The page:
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Writer/director Sonia Lowman’s second project Black Boys, a film to illuminate the full humanity of Black boys and men in America, is coming to NBCUniversal’s Peacock this week. Beyond its relevance to current times, Black Boys offers a unique perspective, a raw look at some difficult conversations around race, and tugs at the heartstrings. It also features a direct title, one that, as it turns out, was supposed to be confrontational.
She explained why when I chatted with her about the documentary and was curious about what birthed the idea for her. She shared her thought process behind titling the film Black Boys, which in a way calls out what people are reluctant or unwilling to discuss. Here’s what she said:
It was around 2017 and that was when take a knee was happening… there was the first wave of the Black Lives Matter movement and we’d been seeing a lot of the police killings on the news, and I was just sort of watching how white Americans were responding to these things, and I felt like there wasn’t nearly as much outage as I would have expected to be witnessing these murders, and also watching the backlash against the sports activism…
It really got me thinking about these questions around the humanity of Black men and boys. Why didn’t white people seem to care more when they die? And why don’t we see more of the full humanity of Black men and boys depicted in the media? Why doesn’t there seem to be more respect for that? So, those were kind of the central questions driving Black Boys but really looking at this, this issue is kind of the thing we don't want to talk about in America, you know, and that’s why we called it Black Boys, it’s kind of confrontational. It’s sort of like, nobody wants to talk about the way that Black men and boys are treated. Especially white people don’t want to talk about it.
Lowman made her filmmaking debut with Teach Us All, a documentary that looks at school segregation in America. Teach Us All was acquired by 13th director Ava Duvernay’s distribution company, ARRAY, and is currently available to stream on Netflix.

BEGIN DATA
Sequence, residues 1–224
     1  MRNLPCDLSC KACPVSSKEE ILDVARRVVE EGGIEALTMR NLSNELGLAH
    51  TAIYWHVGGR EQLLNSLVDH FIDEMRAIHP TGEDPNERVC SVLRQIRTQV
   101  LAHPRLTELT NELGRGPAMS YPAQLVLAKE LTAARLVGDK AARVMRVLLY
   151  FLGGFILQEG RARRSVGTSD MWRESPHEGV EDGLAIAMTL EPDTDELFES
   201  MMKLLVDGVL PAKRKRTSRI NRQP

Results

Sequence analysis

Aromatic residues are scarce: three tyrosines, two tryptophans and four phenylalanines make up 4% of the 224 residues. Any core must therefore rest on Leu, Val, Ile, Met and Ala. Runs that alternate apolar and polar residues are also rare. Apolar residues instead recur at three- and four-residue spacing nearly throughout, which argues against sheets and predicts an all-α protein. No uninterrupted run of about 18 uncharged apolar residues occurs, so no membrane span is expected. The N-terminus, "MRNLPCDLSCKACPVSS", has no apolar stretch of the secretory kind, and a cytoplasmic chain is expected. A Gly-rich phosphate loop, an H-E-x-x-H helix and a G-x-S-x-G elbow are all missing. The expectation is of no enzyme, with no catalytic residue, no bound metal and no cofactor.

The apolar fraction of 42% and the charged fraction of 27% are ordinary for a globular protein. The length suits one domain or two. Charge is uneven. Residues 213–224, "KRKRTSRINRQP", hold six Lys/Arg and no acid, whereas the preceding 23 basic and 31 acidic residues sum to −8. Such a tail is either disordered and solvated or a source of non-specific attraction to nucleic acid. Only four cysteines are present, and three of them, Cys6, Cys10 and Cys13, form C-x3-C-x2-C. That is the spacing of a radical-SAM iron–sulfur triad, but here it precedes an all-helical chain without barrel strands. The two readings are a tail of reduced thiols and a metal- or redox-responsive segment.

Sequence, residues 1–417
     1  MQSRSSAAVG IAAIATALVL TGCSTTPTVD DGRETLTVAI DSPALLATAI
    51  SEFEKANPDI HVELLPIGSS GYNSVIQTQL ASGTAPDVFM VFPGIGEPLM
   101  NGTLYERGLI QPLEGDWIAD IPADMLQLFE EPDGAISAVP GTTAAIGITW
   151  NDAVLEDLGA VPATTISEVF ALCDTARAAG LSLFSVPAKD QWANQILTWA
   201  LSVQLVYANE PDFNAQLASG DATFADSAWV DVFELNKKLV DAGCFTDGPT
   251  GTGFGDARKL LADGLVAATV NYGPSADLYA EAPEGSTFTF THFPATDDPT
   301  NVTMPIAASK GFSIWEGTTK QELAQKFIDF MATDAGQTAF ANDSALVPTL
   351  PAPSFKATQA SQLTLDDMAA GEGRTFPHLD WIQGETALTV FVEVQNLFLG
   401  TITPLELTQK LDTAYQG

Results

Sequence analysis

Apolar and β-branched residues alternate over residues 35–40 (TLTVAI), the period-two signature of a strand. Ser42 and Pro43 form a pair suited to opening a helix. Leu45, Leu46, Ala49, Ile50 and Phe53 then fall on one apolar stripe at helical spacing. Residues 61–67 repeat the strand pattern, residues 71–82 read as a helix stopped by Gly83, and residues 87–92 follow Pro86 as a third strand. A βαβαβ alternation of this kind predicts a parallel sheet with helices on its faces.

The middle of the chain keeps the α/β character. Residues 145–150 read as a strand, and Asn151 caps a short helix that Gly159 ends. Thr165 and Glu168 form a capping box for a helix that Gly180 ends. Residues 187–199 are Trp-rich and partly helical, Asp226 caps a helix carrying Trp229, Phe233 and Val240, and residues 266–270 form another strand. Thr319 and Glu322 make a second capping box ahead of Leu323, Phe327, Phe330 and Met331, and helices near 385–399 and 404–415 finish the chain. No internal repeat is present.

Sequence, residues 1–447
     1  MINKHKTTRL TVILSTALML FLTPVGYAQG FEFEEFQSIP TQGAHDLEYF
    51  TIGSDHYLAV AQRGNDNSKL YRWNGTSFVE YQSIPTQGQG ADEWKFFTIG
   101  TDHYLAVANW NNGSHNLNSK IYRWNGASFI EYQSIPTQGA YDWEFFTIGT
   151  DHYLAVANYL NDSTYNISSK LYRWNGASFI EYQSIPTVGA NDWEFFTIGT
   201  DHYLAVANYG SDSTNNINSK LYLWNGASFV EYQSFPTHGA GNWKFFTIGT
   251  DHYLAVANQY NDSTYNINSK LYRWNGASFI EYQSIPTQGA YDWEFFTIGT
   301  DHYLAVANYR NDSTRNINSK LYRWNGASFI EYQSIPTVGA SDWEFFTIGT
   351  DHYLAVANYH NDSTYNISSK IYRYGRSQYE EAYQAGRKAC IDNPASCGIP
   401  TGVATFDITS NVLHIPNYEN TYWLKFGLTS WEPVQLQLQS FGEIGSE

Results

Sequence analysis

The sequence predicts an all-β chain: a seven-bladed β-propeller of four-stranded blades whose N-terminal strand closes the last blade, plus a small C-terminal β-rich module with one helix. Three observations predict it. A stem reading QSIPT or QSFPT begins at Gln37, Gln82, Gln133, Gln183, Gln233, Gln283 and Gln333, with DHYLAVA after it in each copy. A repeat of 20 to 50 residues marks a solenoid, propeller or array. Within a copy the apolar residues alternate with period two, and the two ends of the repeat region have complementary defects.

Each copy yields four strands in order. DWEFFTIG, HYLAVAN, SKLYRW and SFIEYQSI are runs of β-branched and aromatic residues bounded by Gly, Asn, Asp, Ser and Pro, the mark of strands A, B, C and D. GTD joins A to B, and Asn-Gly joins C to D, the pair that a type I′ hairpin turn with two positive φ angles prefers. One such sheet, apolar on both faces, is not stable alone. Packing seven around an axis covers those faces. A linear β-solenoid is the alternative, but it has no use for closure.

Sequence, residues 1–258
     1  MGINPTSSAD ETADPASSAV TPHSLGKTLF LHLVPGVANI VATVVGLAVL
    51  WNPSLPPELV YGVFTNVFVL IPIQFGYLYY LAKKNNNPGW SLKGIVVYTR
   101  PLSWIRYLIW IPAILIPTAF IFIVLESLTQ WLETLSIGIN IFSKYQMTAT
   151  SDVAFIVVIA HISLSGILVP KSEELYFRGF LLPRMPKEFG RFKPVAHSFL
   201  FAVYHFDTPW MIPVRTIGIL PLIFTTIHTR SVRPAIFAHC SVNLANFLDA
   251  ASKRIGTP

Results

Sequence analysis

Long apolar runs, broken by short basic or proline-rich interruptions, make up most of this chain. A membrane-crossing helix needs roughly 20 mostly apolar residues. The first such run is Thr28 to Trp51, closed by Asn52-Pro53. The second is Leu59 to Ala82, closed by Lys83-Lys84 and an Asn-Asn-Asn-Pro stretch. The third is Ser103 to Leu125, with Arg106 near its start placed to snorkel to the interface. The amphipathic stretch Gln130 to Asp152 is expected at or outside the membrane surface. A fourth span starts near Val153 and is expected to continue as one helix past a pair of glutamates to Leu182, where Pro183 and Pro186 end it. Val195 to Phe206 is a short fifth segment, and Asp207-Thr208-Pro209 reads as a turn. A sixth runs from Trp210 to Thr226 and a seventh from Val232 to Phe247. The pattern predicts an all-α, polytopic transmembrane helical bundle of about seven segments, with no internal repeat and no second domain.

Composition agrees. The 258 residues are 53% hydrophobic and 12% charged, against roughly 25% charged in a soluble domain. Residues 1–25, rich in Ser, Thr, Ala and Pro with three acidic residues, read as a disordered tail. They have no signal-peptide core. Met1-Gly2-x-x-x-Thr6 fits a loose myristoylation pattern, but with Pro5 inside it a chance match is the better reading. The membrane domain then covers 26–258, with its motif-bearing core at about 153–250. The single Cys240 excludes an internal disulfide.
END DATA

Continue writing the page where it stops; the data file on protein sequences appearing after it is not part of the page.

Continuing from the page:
The director was as thoughtful and meticulous during our conversation as she was putting together this film. Her care is evident even in the way the documentary is structured and throughout its presentation of each male that is featured. The interviews in the film hold a lot of emotion, and I wondered what the experience was for the black men and boys. How did they perceive the process of Lowman telling their story?
Pretty well, it seems. Here’s what Lowman told me:
With regard to me being a white woman and making this film, talking about and trying to understand and learn about the experience of Black men and boys...a number of the young men I spoke to especially said, ‘Nobody has ever asked me these questions; nobody’s ever been interested in this.’ And I think it was sort of maybe disarming for me to be very honest about, you know, for me saying, I was afraid of Black men.
Wow. There is so much power in that statement she made, in her ability to admit something that many would recoil from. Lowman’s honesty is part of what makes the film so striking, as well. It’s very important to her, as she said,
My feeling is that those things won’t change until we’re honest with ourselves. So I think everybody should reflect, personally, on how they are contributing and be willing to be really honest with themself, and not be afraid to say, ‘Oh, God, I’m a part of this, so how do I start to unpackage that? How do i start to decondition myself?’
Sounds like the goal here is for audiences to walk away with a great deal of introspection, and I certainly did after watching.
Black Boys is available on NBCUniversal’s Peacock September 10. While you're on the platform, be sure to check out these Peacock Original series as well as these hidden gems. If you're looking for more documentaries, we've got you covered there, too.